Defining humour is very difficult or impossible. 1  So, a fortiori, defining “black humour” must be doubly impossible. Even delineating the boundaries of “black humour” is difficult. The coiner of the phrase, the surrealist André Breton,2  evidently saw it as anarchist and in a sense negative, pointing out the absurd and pretentious, but not offering any more constructive move.3 Yet Breton could write with approval:
[t]he subject has been handled with rare precision by Léon Pierre-Quint, who in Le Comte de Lautréamont et Dieu presents humor as a way of affirming, above and beyond “the absolute revolt of adolescence and the internal revolt of adulthood,” a superior revolt of the mind.

Revolt, though it must begin with rejection of something can move towards its replacement with something different. Thus black humour might point up and reject the weakness and failings of religion. Think of the ending of Monty Python’s The Life of Brian. Singing “always look on the bright side of life” during a crucifixion is surely black humour by anyone’s standard. But it is possible, for the viewer (whether or not the pythons encouraged this step) to use the recognition of absurdity and the emptiness of some religious ideas to generate a purer faith. If this is so then even a committed religionist can expect to find black humour in Scripture. Especially among the prophets.

Dry reeds (© Copyright Steve Daniels and licensed for reuse under this Creative Commons Licence.)

I’ve been doing a series of podcasts seeking humour in every book of the Hebrew Bible. Twice I have disagreed with Robert Carroll, a friend and teacher. Who wrote an article on humour in the prophets.4

Bob Carroll had a lively and mischievous sense of humour, which delighted in pricking the balloons which we inflate around many ideas that we hold important. Often Bob’s speaking fitted the descriptive “black humour”. Yet, in his article he consistently denies its presence “among the prophets”.
I do wonder what is going on. I watched The Life of Brian with Bob and others in Glasgow when it first came out. We both recognised and enjoyed the black humour. Why could he not see it in Hosea? (I explore one example, drawn from Bob’s own article in my podcast Humour in the Bible: book 28: Hosea.)
Was Bob right to write:

Brilliant, almost Shakespearian wordcraft; gives the book of Hosea a linguistic quality which is not well served by seeking humour in it. No doubt there are a few smiles to be had from the book but its real power and appeal lie elsewhere.5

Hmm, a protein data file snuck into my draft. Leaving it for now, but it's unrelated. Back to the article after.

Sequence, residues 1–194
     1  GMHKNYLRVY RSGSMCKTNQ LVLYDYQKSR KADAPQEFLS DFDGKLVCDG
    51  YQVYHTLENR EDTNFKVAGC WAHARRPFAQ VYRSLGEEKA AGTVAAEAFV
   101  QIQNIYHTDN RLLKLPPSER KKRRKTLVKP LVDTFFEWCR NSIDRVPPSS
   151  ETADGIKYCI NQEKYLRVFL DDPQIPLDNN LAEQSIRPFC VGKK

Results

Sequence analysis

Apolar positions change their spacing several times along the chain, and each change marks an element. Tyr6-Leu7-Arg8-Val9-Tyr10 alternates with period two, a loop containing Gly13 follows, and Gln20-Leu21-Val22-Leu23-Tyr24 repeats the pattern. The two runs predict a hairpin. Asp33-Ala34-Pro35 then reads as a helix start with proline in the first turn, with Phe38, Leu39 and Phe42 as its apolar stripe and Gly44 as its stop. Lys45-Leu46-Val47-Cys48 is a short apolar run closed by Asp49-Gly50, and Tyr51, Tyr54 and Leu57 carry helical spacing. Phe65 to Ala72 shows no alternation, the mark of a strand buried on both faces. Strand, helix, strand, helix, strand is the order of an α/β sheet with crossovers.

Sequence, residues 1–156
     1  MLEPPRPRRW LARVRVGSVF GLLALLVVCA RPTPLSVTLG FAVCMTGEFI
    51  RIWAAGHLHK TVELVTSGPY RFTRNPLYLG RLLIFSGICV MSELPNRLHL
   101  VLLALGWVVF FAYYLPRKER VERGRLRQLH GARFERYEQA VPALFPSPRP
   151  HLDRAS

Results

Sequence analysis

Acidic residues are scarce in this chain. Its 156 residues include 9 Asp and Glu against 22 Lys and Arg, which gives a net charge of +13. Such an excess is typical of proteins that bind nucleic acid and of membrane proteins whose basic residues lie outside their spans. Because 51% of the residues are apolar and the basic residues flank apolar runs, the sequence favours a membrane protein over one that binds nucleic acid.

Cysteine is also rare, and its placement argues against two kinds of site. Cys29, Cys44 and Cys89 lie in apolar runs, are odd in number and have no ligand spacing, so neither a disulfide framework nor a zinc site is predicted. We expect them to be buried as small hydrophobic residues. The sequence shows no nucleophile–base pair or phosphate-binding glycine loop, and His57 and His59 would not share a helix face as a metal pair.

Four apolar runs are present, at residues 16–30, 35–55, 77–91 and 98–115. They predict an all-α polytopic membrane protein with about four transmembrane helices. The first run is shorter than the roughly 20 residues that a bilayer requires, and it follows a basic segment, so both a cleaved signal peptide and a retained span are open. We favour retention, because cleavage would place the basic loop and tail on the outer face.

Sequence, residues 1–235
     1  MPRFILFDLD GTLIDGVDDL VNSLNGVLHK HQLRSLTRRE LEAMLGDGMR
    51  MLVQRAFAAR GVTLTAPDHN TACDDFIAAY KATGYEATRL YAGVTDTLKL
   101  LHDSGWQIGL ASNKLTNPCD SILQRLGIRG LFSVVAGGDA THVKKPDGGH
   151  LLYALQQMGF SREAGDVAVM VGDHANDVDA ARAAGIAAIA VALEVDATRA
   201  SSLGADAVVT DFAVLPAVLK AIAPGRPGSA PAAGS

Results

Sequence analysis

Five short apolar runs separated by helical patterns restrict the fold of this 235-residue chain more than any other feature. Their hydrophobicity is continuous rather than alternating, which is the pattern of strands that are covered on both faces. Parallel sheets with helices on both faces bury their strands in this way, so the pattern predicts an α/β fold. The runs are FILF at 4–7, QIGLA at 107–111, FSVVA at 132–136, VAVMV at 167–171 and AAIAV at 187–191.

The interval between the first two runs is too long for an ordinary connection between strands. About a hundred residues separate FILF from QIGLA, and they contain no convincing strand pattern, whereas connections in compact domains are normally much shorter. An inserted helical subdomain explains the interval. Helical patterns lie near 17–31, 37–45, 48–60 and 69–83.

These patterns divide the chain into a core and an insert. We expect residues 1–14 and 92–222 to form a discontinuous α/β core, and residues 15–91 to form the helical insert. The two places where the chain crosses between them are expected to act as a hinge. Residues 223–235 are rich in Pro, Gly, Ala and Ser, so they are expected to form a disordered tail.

Concerning Hosea 13, he wrote:
This is the irony of the gap between pretensions and reality, and the incongruity may be seen by some readers as not lacking in humour. The biting sarcasm of ‘Ephraim herds the wind’ (12.1) or ‘they kiss calves’ (13.2) can be construed as humorous observations on the folly of social and political practices. Religious sacrifices and ceremonies conducted in the presence of skilfully made idols may easily be satirized by the simple description ‘they kiss calves’, and this simple but devastating critique is not without its humorous aspect. But trawling the minor prophets with nets designed to trap humour is a wearisome activity, especially when the poetry of the collections sparkles with other far more obvious features.
But is that all? As well as the beauty and power of the language, the ambiguity of “according to their understanding” in v.2 – does it mean they make the idols as well as they can, or that they understand this melting of metal as a “libation”? massekem can clearly refer to molten metal or to a libation… the biting irony that follows too seems to me blackly humorous. But not to Carroll.
What do you think? Is black humour also among the prophets?
  1. Depending on your credulity or stringency []
  2. Breton, André, and Mark Polizzotti. Anthology of black humor. City Lights Books, 1997. []
  3. André Breton, “The Lightning Rod” especially p.xiv. []
  4. Carroll, Robert P. ‘Is Humour among the Prophets’. Pages 169–189 in On humour and the comic in the Hebrew Bible. Edited by Yehuda T. Radday and Athalya Brenner. Continuum International Publishing Group, 1990. []
  5. Carroll, “Humour”, 180. []